When will I get back to normal?

You may need some help at home for several weeks. If you do not have sufficient help at home, you may wish to spend some time in a rehabilitation centre.

The following tips can make the initial period more comfortable:

  • Rearrange furniture so you can manoeuvre with a stick or crutches. You may temporarily change rooms (make the living room your bedroom, for example) to avoid using the stairs.
  • Remove any throw rugs or area rugs that could cause you to slip. Securely fasten electrical cords around the perimeter of the room.
  • Use assistive devices such as a long-handled shoehorn, a long-handled sponge, and a grabbing tool or reacher to avoid bending too far over.

It will be some weeks before you recover from your operation and start to feel the benefits of your new hip joint. Make sure you have no major commitments for the first six weeks after the operation.

Keeping up your exercises will make a big difference to your recovery time. You’ll probably need painkillers as the exercise can be painful at first. Gradually you will be able to build up the exercises to strengthen your muscles so that you can move more easily.

It’s important to use crutches during the first few weeks after surgery until the hip is strong enough to support you. Falling could damage your new joint. You will need to take care in the first few weeks when moving around and doing household jobs so that you don’t damage your new knee. Your physiotherapist should advise you on these tasks but here are a few tips:

  • Walking – Don’t twist your hip as you turn around. Take several small steps instead. It should be possible to walk outside about three weeks after your hip surgery but make sure you wear good supportive outdoor shoes. After three weeks, try to take longer strides to regain full straightening (extension) of the leg.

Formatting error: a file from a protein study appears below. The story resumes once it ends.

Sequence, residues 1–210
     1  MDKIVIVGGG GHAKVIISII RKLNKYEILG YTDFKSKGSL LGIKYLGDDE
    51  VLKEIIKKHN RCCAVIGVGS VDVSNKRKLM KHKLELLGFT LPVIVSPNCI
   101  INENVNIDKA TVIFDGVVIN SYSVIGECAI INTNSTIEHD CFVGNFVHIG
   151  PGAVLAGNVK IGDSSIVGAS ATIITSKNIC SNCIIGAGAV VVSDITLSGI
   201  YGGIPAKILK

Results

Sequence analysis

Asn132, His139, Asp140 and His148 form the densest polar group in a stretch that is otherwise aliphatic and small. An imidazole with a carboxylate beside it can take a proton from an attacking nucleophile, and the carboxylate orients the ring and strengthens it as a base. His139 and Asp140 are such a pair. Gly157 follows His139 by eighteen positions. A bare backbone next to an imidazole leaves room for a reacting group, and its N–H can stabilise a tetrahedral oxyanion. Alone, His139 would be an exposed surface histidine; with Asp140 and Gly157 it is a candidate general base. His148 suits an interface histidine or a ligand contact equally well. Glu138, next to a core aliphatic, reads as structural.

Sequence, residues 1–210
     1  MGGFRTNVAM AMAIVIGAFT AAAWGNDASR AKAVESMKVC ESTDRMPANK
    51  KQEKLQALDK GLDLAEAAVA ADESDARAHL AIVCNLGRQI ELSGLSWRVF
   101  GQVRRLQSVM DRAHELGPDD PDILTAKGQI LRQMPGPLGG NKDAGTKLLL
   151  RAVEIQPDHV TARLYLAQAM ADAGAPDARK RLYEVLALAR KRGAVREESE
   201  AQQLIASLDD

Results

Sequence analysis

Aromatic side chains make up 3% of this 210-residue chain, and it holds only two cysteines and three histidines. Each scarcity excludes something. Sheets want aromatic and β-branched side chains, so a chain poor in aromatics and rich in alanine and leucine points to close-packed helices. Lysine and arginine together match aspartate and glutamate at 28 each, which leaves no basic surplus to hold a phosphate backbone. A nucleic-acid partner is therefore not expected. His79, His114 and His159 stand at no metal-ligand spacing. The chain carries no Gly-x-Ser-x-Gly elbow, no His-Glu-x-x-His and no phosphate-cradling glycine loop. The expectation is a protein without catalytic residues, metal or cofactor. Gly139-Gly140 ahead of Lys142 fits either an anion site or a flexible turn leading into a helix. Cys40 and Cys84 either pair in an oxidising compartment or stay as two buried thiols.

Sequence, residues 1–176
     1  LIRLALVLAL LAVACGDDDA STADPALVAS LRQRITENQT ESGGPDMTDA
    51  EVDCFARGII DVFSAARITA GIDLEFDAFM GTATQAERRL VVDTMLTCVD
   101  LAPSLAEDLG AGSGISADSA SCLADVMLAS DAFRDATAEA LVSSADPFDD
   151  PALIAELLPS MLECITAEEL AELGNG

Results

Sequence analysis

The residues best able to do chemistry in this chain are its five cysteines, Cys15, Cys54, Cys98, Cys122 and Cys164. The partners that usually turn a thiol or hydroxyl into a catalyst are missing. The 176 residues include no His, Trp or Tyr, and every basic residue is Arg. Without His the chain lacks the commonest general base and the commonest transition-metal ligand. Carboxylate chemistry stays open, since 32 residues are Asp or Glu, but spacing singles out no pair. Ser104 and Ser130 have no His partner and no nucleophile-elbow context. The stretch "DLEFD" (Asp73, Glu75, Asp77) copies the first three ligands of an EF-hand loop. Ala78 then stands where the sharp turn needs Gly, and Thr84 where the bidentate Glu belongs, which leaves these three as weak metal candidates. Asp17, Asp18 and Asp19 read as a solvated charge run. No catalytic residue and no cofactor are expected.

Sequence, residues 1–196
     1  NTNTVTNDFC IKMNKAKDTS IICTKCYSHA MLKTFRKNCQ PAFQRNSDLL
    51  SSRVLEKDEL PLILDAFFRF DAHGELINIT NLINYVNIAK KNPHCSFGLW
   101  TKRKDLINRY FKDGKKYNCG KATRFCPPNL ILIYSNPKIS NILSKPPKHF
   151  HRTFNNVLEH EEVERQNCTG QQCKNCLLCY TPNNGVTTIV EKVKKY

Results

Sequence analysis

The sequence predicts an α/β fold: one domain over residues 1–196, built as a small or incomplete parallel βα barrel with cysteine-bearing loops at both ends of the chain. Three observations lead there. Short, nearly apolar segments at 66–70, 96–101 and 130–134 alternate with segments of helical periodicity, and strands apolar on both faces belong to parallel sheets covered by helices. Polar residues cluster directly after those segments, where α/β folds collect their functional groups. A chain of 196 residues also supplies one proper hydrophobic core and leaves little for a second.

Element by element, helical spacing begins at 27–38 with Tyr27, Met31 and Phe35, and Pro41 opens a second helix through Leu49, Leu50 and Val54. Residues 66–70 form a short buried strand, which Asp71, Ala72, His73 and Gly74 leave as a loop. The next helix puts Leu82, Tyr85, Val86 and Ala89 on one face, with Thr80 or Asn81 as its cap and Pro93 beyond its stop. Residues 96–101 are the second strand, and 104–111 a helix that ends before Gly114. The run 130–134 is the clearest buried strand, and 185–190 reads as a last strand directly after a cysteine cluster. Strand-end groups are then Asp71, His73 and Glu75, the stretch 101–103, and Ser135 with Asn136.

• Walking aids – Crutches and sticks are useful at first. As your leg gets stronger you will begin to walk without aids.
  • Going up and down stairs – When going upstairs lead with your unoperated leg, then move your operated leg up. When going downstairs, put your operated leg down first, followed by your unoperated leg. “Good leg to heaven, bad leg to hell”.
  • Sitting – Don’t sit with your legs crossed for the first six weeks.
  • Sleeping – You should sleep on your back for the first 6 weeks following surgery to reduce the risk of dislocation.
  • Household jobs – You should be able to manage light household tasks, but avoid heavier jobs, or get help with them, for the first few months. Avoid standing for long periods as this could lead to your ankles swelling.